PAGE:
Photographer Steve Rosenfield’s “What I Be Project” is, as he says, “a social experiment turned into, what is now, a global movement about honesty and empowerment. In today’s society, we are often told to look or act a certain way. If we differ from these ‘standards,’ we are often judged, ridiculed, bullied and sometimes even killed over them. I started this project in hopes to open up the lines of communication, and to help everyone accept diversity with an open mind & heart and empower those who feel they suffer for something they may see as a flaw.”
The project asks participants to write their biggest fear or insecurity somewhere on their body, and then allow Rosenfield to photograph the writing as part of a portrait. Often the subjects write an accompanying statement to the portrait, discussing how the fear has affected their life. The courage required to be a part of the project is meant to be cathartic. Including everyone from high school students to better-known individuals, such as Michael Franti, Kathryn Budig, Paula Van Oppen and Trevor Hall, the project is all about how we define ourselves based on the perception of others’ opinions. Drawing attention to notions such as reputation, stereotype, self-identification and insecurity, Rosenfield’s work is encouraging. It helps a viewer consider what the world might be like without the labels we assign and assumptions we make about ourselves, and people we don’t even know. Learn more about it here. (via theguardian)
Kristian Burford’s art installations meditate on the postmortem state of sexual arousal without a partner present. Nestled in a messy realistic setting, each carefully constructed wax figure seems to sigh inward, recollecting him or herself after an erotic whim has been satiated. However, the intention does not stop there: it seethes and penetrates with primal implications. Encountering each diorama, our own interior worlds are challenged and heightened as we find ourselves cast to confront not so much nudity, but even more so, our own erotic inclinations as possible voyeurs.
Sculptor Thom Puckey has a new exhibit on now at the Museum Centro Pecci in Prato, Italy, called Extreme Beauty. The unexpected combination of classically-sculpted figures paired with implements of death are a definite comment on where society has taken us since Neoclassicism. “The presence of modern weapons in the sculptures makes them seem contemporary in a cheap kind of way, this I realise. I like this suggestion of cheapness, I play into it. Chicks and guns,” explains the artist. Puckey makes “cheap” look pretty amazing, don’t you think?
Ana Janssen’s erie hyperrealistic paintings remind me of the calm before a storm. In most of the work young teenagers sit still and stare at the viewer with an intense gaze while various animals sit on their shoulders, lay in their lap, or attempt to take a bite out of the figures hand.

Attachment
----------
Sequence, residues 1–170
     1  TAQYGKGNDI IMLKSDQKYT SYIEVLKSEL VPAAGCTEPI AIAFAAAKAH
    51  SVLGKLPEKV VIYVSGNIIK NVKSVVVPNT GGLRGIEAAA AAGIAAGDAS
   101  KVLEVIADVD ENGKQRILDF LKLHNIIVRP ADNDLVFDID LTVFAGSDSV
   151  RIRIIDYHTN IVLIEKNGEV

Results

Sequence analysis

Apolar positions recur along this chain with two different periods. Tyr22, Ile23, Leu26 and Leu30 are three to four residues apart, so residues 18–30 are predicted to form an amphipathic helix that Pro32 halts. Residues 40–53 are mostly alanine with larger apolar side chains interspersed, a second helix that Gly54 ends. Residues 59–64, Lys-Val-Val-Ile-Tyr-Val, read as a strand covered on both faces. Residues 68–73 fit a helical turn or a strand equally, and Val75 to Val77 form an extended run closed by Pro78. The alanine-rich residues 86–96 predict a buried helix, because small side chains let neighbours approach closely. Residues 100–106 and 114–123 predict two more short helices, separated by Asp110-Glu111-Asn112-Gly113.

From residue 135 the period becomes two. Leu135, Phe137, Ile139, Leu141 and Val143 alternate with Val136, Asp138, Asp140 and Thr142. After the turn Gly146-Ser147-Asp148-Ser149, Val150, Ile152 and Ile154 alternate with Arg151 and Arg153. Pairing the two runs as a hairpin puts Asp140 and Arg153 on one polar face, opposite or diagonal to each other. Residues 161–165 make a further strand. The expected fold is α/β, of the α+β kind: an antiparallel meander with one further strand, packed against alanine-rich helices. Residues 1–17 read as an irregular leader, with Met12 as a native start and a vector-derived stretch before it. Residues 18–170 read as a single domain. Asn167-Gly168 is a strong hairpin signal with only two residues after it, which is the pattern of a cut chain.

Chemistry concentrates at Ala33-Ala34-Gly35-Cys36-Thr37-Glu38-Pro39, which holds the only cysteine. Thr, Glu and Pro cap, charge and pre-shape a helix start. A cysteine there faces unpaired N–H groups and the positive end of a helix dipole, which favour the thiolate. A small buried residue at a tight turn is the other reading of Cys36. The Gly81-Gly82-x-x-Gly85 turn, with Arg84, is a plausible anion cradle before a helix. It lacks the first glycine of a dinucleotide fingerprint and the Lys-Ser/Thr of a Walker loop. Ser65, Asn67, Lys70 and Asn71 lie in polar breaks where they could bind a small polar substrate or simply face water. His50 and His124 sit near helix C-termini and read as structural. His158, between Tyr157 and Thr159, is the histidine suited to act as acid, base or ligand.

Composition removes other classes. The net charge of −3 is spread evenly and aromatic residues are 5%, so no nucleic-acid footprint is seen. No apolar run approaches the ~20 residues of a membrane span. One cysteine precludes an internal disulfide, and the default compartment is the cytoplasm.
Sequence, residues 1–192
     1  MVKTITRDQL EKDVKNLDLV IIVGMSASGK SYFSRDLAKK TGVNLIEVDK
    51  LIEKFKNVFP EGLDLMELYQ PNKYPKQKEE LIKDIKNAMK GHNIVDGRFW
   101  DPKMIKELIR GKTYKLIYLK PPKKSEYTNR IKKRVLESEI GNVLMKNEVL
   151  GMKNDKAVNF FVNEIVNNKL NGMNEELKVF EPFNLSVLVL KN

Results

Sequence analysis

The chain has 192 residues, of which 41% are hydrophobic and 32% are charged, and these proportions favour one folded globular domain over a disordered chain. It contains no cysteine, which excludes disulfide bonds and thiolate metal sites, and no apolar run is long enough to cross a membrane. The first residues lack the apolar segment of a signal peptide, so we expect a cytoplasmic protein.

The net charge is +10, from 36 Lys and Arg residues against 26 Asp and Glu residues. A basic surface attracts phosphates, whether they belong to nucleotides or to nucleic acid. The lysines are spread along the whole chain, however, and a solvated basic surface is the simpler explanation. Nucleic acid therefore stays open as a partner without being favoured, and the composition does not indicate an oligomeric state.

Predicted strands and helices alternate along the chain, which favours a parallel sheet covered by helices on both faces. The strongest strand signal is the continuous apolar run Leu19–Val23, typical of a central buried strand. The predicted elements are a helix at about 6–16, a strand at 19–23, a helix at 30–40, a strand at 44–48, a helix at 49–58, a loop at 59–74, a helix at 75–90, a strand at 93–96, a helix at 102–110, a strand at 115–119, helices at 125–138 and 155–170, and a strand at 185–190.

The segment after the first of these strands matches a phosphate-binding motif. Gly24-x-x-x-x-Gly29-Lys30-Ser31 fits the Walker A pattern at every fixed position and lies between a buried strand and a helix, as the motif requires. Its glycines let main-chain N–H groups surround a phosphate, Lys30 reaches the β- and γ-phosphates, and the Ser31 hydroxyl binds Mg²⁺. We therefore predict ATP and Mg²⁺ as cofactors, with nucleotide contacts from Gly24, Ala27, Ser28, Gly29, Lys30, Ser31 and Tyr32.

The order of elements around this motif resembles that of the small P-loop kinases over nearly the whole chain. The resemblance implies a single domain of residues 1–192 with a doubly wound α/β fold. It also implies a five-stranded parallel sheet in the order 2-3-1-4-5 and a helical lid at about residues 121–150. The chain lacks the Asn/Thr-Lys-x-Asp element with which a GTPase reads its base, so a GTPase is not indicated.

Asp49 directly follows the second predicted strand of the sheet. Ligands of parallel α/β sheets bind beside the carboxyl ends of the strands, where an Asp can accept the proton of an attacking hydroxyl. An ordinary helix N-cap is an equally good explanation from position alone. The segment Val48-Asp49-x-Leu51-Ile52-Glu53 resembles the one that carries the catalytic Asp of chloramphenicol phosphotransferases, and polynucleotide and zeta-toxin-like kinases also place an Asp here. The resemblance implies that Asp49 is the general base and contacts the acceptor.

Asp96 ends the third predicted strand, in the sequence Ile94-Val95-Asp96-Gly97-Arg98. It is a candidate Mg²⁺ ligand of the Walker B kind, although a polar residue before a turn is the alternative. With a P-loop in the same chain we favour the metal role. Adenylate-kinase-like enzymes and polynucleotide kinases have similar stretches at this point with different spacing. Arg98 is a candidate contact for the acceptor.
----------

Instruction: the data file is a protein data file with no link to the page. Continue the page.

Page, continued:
Bringing nature and humankind together is the purpose of artist Maximo Riera. The Spanish artist is making chairs from wild animals such as elephants, octopus, rhinos, hippos and whales. An homage to the extraordinary creatures we too often take for granted.
It takes the artist approximately 11 weeks to manufacture one piece. With an average of 480 hours spent on the entire process. The process is complex. First, the 3D modeling and then the production achieved with the help of about 30 engineers grouped from five different companies. The animal-shaped chairs are made out of high dense polyurethane and held by a metallic frame. One piece weighs 350lbs.
Maximo Riera is highlighting through the making of these chairs the importance of nature. It’s a subtle metaphor for anyone who wants to hear it, that animals are a innocent presence and that it is human kind’s role to find tame. Like children looking at toys, we are delighted by the idea of perhaps owning one these chairs, or at least try them out. ‘this collection gives us an option of admiring what nature is capable of; this is the main reason why from the beginning I wanted to be faithful to the animal’s physique. this series is an homage to these animals and the whole animal kingdom which inhabits our planet, as an attempt to reflect and capture the beauty of nature in each living thing.’ What about the real ones? The question underlined here is, how can we come closer to nature and respect and live with it? (via Design Boom)
It’s nice to see that professor of drawing at the Sheridan InstituteDavid Poolman practices what he preaches and makes beautiful drawings full of delicate detail and the kind of humor that only a Canadian artist can come up with.